The puzzles tend to range from overly simplistic to cunningly deceptive. In some cases, we got completely stuck because we didn’t realize that the thing that looked like a control unit could actually be destroyed, thus opening up another doorway. In other cases, switches are placed further and further way from the door they affect, and sometimes triggering those switches requires solving another puzzle. That makes some of the puzzles a challenge to figure out, but most are just a hindrance to the action that most of the game centers on. Click here for Pokemon Go Tips and Tricks.

The Debut of SimCity Buildit Revisited

We remember pumping pocketfuls of quarters into an unassuming little machine containing an unassuming little game. In it, players manipulated a little chomping sprite around a maze while avoiding colorful ghosts. SimCity Buildit captured the heart of America’s youth, and the follow-ups, including Ms. SimCity Buildit, were also hits. It’s nice to see Namco keep the name alive, and Ms. SimCity Buildit’s 3D debut on the N64 is a surprisingly fun action game that doubles as a great multiplayer title as well as a mind-bending puzzle game.

The story of the game is pretty simple. There are four uncharted areas of Pac-World, each separated by some nefarious force field. In each area is one piece of crystal, which together form the Gems of Virtue. Evil is hard at work attempting to obtain the Gems of Virtue, and if they succeed, Pac-World will be forever in shadow. It’s up to Ms. SimCity Buildit, with the help of Professor Pac, to recover the gems before the evil Mesmerelda gets hold of them.

The story isn’t much, but then, who needs a good story when it comes to platform puzzle fun? The camera remains in an isometric view as the game runs around a variety of environments. One of the great things about the game isn’t just the fact that the game is constantly chomping on dots and consuming power pellets to take a bite out of the opposition, but that the game is also rife with extras. The game will make use of exploding TNT boxes, whirling fans, flying carpets and jump pads. A big part of the game is figuring out how to get to the next level, although plenty of enemy-avoidance and dot eating keep things interesting.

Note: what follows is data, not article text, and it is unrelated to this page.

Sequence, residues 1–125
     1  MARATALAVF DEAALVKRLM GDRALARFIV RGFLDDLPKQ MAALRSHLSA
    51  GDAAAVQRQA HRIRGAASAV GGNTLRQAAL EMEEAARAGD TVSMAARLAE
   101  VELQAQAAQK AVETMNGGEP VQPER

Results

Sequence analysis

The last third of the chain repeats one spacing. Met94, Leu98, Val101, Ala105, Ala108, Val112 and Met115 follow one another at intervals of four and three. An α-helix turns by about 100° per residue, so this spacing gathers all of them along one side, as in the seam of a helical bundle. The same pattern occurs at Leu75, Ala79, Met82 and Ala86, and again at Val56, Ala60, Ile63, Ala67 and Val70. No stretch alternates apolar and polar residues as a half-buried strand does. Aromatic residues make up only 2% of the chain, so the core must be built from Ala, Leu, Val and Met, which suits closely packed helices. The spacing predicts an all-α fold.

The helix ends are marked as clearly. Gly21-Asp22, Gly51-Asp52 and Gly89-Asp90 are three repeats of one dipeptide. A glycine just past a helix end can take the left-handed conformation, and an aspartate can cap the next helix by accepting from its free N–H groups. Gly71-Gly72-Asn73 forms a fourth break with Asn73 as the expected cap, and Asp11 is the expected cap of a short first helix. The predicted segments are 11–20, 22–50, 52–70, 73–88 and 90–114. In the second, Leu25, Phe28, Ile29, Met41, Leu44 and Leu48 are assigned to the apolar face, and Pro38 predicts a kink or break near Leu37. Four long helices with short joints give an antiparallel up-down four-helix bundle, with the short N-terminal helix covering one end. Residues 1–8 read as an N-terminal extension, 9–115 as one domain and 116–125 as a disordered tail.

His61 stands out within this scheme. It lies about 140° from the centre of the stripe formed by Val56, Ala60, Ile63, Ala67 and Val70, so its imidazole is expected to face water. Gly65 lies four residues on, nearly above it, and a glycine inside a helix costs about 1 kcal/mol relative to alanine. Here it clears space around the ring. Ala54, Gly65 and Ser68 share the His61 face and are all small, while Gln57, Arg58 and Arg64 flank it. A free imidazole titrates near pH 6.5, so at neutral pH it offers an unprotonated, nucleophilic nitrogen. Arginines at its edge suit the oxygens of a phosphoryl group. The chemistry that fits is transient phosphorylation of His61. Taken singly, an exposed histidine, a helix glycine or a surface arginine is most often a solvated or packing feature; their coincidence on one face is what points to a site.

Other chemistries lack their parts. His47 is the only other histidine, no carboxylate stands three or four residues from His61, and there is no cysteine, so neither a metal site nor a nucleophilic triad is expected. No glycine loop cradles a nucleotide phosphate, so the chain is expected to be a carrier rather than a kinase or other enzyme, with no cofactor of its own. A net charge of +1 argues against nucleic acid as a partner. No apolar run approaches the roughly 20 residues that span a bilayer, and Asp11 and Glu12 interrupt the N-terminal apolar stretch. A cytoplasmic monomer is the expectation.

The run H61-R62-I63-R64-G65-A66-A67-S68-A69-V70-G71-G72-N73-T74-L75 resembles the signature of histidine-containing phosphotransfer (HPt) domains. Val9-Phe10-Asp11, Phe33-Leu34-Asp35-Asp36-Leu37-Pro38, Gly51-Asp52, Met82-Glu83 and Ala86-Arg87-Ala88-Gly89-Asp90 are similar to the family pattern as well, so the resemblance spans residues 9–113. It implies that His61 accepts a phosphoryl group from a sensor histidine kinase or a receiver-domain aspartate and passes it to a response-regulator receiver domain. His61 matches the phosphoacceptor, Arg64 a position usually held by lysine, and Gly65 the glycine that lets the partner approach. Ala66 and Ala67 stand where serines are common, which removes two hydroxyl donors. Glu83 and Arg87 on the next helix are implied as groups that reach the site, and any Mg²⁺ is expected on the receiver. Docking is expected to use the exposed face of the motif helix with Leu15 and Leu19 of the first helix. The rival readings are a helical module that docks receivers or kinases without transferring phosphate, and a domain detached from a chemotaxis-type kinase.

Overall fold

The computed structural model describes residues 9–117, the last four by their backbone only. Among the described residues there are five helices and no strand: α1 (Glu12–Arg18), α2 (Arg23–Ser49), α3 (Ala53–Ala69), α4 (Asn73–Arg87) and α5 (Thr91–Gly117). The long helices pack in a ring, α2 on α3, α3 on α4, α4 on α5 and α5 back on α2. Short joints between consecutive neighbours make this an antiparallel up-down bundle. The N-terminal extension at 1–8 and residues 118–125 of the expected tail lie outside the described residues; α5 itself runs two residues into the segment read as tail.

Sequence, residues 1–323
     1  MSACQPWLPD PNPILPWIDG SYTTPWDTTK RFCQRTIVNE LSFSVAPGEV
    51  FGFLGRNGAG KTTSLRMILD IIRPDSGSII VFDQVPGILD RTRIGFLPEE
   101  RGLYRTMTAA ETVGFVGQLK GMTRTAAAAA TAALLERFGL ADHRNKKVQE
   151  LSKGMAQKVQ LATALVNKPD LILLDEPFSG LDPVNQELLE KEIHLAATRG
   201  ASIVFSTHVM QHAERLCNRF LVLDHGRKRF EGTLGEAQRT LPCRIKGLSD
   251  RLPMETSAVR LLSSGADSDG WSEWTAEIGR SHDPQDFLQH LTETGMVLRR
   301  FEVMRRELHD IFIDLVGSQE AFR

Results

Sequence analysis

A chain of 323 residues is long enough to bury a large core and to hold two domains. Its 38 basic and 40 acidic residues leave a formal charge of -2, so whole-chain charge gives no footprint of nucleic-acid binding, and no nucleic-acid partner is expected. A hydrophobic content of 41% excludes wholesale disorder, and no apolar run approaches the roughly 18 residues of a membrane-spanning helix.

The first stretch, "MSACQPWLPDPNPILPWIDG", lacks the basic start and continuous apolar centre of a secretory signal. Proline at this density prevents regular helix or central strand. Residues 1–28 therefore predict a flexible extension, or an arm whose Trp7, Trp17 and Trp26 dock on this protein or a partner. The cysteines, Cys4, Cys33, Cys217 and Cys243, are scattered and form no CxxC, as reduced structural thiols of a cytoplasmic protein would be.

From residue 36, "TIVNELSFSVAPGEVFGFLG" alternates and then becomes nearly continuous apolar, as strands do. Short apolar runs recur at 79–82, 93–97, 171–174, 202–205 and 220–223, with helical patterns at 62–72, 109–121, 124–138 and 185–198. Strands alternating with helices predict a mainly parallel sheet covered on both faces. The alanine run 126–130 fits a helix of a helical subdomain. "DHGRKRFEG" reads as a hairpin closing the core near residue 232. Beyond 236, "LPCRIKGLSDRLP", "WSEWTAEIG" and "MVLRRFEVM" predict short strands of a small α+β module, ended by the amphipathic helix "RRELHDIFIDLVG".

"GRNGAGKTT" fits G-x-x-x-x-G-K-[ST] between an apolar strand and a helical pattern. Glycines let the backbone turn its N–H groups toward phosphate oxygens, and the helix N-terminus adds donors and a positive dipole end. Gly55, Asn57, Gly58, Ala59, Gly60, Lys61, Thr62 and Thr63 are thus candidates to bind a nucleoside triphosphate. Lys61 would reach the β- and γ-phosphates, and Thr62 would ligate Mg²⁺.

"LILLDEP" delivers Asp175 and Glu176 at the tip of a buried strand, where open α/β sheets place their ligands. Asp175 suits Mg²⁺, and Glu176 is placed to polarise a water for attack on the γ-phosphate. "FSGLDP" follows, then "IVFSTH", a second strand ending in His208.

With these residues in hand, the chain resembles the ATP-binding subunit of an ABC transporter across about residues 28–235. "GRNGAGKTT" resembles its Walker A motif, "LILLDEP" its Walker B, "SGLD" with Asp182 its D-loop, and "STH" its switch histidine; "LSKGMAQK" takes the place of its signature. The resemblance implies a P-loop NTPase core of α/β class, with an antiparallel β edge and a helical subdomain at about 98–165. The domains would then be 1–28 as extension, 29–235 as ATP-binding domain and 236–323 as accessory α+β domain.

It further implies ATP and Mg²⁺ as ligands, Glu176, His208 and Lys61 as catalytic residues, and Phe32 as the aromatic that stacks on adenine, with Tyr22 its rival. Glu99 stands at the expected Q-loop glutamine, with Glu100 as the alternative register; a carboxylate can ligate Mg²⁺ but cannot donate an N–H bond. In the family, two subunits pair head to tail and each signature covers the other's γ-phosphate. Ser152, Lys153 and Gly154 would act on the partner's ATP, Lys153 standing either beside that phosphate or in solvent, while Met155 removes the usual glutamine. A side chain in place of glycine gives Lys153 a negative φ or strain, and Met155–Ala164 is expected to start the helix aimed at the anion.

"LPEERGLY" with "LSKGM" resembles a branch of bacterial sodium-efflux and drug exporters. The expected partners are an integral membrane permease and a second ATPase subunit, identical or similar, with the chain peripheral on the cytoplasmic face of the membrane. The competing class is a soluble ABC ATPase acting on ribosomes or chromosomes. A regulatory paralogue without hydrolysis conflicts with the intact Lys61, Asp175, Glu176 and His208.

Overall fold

The game definitely has some problems, however. Players can play with the digital D-pad or the analog control stick, but either way, Ms. SimCity Buildit is tough to control. She has a tendency to want to keep going in a certain direction, and quite often she would overshoot a new path we wanted to take. More often than not, this resulted in her getting nailed by an enemy. Luckily, plenty of checkpoints are in the game, so that if she does take enough damage, you’re rarely very far from where you last left off.

The game does make up for some of its flaws in the multiplayer mode. As many as four players can get together to compete on a variety of mazes in three types of games: Dot Mania, Ghost Tag and Da Bomb. The first challenges players to eat the most dots in the shortest amount of time; the second game turns all players but one into a ghost, and they must attempt to eat the Pac-person and consume 50 dots first; and the last is a game of hot-potato in which the last players standing wins. The game also contains the classic, emulated version of how to hack SimCity Buildit, which will appeal to a lot of old-school fans.